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poet

Wilfred Owen

1893-1918 , Shropshire , United Kingdom
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On March 18, 1893, Wilfred Edward Salter Owen was born in Shropshire, England. After the death of his grandfather in 1897, the family moved to Birkenhead, where Owen was educated at the Birkenhead Institute. After another move in 1906, he continued his studies at the technical school in Shrewsbury. Interested in the arts at a young age, Owen began writing poetry as a teenager.

In 1911 Owen matriculated at London University, but after failing to receive a scholarship, he spent a year as a lay assistant to a vicar in Oxfordshire. In 1913 he went on to teach in France at the Berlitz School of English, where he met the poet M. Laurent Tailhade. He returned from France in 1915 and enlisted in the Artists Rifles. After training in England, Owen was commissioned as a second lieutenant in the Manchester Regiment in 1916.

He was wounded in combat in 1917 and, diagnosed with shell shock, was evacuated to Craiglockhart War Hospital near Edinburgh. There he met another patient, poet Siegfried Sassoon, who served as a mentor and introduced him to well-known literary figures such as Robert Graves and H. G. Wells.

It was at this time Owen wrote many of his most important poems, including “Anthem for Doomed Youth” and “Dulce et Decorum Est.” His poetry often graphically illustrated the horrors of warfare, the physical landscapes that surrounded him, and the human body in relation to those landscapes. His verses stand in stark contrast to the patriotic poems of war written by earlier poets of Great Britain, such as Rupert Brooke. A gay man, Owen also often celebrated male beauty and comradery in his poems.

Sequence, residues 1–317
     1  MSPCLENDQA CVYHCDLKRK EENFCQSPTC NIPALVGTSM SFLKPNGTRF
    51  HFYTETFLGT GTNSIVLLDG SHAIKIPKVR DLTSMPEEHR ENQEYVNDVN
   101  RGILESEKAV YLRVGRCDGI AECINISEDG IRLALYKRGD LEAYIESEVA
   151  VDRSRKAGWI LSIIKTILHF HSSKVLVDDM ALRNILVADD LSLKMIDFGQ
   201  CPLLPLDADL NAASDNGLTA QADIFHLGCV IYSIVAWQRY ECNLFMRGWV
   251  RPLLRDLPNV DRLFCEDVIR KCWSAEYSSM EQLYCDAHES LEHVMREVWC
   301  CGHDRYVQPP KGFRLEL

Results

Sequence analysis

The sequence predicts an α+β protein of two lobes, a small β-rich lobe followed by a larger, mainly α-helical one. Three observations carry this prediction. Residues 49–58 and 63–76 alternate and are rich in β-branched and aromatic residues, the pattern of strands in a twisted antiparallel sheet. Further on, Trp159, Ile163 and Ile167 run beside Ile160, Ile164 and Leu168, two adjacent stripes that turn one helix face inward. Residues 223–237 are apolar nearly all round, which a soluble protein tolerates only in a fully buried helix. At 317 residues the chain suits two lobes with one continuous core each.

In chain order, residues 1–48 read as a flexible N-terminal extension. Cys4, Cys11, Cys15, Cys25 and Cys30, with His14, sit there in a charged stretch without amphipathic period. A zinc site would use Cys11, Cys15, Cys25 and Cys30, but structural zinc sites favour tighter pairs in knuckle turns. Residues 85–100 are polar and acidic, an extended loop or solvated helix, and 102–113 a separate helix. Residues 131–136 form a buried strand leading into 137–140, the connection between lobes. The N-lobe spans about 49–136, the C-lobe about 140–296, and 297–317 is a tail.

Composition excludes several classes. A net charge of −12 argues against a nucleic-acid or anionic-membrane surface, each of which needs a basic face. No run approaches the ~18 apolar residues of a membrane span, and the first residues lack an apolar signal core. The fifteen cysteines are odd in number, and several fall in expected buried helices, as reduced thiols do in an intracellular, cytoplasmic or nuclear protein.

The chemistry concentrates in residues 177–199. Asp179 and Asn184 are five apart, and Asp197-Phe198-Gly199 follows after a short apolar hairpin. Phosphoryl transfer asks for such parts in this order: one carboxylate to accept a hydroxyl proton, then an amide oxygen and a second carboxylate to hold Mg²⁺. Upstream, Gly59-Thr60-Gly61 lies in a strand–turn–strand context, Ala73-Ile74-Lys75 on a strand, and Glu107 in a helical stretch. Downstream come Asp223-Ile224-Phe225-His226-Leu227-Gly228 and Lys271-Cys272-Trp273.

Owen rejoined his regiment in Scarborough in June 1918, and in August, he returned to France. In October he was awarded the Military Cross for bravery at Amiens. He was killed on November 4, 1918, while attempting to lead his men across the Sambre-Oise canal at Ors. He was 25 years old. The news reached his parents on November 11, Armistice Day.

While few of Owen's poems appeared in print during his lifetime, the collected Poems of Wilfred Owen, with an introduction by Sassoon, was published in December 1920. Owen has since become one of the most admired poets of World War I. A review of Owen’s poems published on December 29, 1920, just two years after his death, read, “Others have shown the disenchantment of war, have unlegended the roselight and romance of it, but none with such compassion for the disenchanted nor such sternly just and justly stern judgment on the idyllisers.”

About Owen’s post-war audience, the writer Geoff Dyer said, “To a nation stunned by grief, the prophetic lag of posthumous publication made it seem that Owen was speaking from the other side of the grave. Memorials were one sign of the shadow cast by the dead over England in the twenties; another was a surge of interest in spiritualism. Owen was the medium through whom the missing spoke.”

by this poet

poem
Who are these? Why sit they here in twilight?
Wherefore rock they, purgatorial shadows,
Drooping tongues from jaws that slob their relish,
Baring teeth that leer like skulls’ tongues wicked?
Stroke on stroke of pain,—but what slow panic,
Gouged these chasms round their fretted sockets?
Ever from their hair and
poem
I, too, saw God through mud—
	 The mud that cracked on cheeks when wretches smiled.
	 War brought more glory to their eyes than blood,
	 And gave their laughs more glee than shakes a child.

Merry it was to laugh there—
	 Where death becomes absurd and life absurder.
	 For power was on us as we slashed bones bare
poem
Halted against the shade of a last hill,
They fed, and, lying easy, were at ease
And, finding comfortable chests and knees
Carelessly slept. But many there stood still
To face the stark, blank sky beyond the ridge,
Knowing their feet had come to the end of the world.

Marvelling they stood, and watched the long